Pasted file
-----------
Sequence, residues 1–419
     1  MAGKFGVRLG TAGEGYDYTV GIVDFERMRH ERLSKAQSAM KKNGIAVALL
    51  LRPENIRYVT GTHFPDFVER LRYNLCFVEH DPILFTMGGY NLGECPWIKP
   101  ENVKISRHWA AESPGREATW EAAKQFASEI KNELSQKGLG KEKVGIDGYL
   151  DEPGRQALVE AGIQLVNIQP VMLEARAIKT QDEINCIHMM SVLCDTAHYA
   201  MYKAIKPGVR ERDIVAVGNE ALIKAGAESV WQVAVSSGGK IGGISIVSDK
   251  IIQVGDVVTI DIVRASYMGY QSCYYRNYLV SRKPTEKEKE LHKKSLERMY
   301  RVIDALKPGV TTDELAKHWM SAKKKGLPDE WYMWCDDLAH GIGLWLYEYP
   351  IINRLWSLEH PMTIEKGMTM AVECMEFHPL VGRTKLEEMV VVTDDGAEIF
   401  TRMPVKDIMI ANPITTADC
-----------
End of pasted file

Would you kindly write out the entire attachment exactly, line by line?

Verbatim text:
Sequence, residues 1–419
     1  MAGKFGVRLG TAGEGYDYTV GIVDFERMRH ERLSKAQSAM KKNGIAVALL
    51  LRPENIRYVT GTHFPDFVER LRYNLCFVEH DPILFTMGGY NLGECPWIKP
   101  ENVKISRHWA AESPGREATW EAAKQFASEI KNELSQKGLG KEKVGIDGYL
   151  DEPGRQALVE AGIQLVNIQP VMLEARAIKT QDEINCIHMM SVLCDTAHYA
   201  MYKAIKPGVR ERDIVAVGNE ALIKAGAESV WQVAVSSGGK IGGISIVSDK
   251  IIQVGDVVTI DIVRASYMGY QSCYYRNYLV SRKPTEKEKE LHKKSLERMY
   301  RVIDALKPGV TTDELAKHWM SAKKKGLPDE WYMWCDDLAH GIGLWLYEYP
   351  IINRLWSLEH PMTIEKGMTM AVECMEFHPL VGRTKLEEMV VVTDDGAEIF
   401  TRMPVKDIMI ANPITTADC